I bet your eclipse project is not open-source

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Session Type: 
Standard [35 minutes]

The two main questions you should ask yourself when trying to determine whether an eclipse project is a good open-source citizen are:
- Is it transparent?
- How easy it is for external people to contribute?

The Eclipse Fondation has recently launched an ongoing effort to improve its processes and technologies, in order to lower the barrier for external contributions.
- project's meta-data now have a dedicated tooling easing their maintenance, increasing the project transparency
- the contribution process has been simplified
- the migration to git and the integration of gerrit remove part of the hindrance of new contributions for committers and newcomers altogether

But there are still a lot of issues to tackle:
- take your open-source project. If it is older than 6 months, you probably have parts of your documentation that does not reflect the recent changes you made. Hence any contributor in need of information about your architecture or technical choices could be misled, and will have a lot of trouble understanding your code and making a good contribution.
- take your dev guidelines. Even if you made the effort to write complete guidelines (target environment, code formatter, processes, good practices...), there is no tooling to check these constraints formally. In result, when reviewing code and even if tests succeeded on Gerrit, you'll have to make a long and painful manual review, that can lead you to endorse the bad role when having to explain to your contributors that they do not code like you want them to. Moreover, as these constraints are not expressed formally, you are never sure that you checked all of them. In result, contributors may be discouraged for future contributions.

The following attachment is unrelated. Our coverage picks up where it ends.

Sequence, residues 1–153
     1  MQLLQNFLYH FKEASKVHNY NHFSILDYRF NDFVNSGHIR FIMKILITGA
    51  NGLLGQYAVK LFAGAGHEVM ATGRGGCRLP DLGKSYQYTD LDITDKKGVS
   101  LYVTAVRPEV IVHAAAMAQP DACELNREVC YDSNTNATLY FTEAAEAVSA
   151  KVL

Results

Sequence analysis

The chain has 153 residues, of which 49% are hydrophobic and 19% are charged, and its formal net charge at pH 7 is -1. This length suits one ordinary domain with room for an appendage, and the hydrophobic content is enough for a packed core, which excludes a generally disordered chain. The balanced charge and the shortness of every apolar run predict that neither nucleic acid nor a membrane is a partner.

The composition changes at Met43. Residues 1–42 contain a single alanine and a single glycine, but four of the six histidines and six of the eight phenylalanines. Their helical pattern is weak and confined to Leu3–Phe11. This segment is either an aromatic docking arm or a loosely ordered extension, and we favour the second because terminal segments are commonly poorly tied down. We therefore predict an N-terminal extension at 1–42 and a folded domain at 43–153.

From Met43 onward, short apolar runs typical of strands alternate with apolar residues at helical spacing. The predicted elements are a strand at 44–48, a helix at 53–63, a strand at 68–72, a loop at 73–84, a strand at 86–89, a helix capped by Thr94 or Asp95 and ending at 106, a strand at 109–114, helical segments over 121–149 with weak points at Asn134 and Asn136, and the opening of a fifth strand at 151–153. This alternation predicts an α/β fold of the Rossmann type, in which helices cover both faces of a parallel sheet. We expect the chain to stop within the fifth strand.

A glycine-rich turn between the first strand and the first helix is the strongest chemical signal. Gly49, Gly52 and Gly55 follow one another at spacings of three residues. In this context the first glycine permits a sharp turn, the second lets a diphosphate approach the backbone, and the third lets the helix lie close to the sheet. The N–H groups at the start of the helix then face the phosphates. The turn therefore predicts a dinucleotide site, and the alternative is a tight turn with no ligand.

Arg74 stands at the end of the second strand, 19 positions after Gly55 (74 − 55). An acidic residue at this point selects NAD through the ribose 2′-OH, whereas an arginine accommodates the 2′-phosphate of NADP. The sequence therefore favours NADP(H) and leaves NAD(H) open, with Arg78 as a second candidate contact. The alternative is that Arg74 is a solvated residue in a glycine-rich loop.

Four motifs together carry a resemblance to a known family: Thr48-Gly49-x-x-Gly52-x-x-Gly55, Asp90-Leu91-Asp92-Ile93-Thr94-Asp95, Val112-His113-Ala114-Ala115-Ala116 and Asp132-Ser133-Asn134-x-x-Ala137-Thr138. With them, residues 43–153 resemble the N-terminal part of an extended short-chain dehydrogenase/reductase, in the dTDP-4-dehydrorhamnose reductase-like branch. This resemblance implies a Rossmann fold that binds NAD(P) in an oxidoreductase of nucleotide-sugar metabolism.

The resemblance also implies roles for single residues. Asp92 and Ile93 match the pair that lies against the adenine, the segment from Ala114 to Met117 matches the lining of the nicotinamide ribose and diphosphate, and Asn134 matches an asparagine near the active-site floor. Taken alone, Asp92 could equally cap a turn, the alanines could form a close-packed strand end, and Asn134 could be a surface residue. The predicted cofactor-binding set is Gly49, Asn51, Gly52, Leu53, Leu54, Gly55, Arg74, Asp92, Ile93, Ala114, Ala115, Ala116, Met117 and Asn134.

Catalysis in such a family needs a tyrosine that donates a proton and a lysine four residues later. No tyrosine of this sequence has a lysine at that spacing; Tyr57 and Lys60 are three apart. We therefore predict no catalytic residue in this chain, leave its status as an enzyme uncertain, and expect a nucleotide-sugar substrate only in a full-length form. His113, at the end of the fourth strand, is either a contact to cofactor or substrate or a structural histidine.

Attend this talk to discover how can Mylyn Intent and Ariadne can be used to:
- detect when your documentation is not up-to-date so that contributors can find the information they are looking for
- formalize constraints and guidelines (target environments, constraints like "Any bugzilla issue should be associated to at least one Junit test", "Any feature displayed to the end-user should be presented inside the User Guide with a screenshot"...) so that contributors can be sure that they made everything that was required before sending their contribution.

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Re: misleading title

Actually that's a recent Eike Stepper post that gave us the idea for the title http://thegordian.blogspot.fr/2012/10/release-notes-and-api-evolution-re... .

The Open source initiative http://opensource.org/ cites transparency in their prime mission statement:
"Open source is a development method for software that harnesses the power of distributed peer review and transparency of process."

In that context, I though it was ok (and yes, controversial, that's the point :) ) to say that a project is not open-source if it's not transparent and does not allow easy contributions.

However, if you were expecting something else from the title, I will try to change it, the idea was not to mislead readers :)
Any suggestions are welcome!

The title seems a little misleading

I concept of automatically updated docs, formalized constraints and traceability from code to bugs to docs is an excellent idea. I also think that it's an important part of a well managed open source project. However, I don't think we can classify a project as "not open source" if they are failing in these areas (not open -- maybe, not transparent -- possibly, hard to contribute to -- absolutely).

I understand that the titled is meant to be controversial, but I was excepting something completely different.

Just my $0.02.

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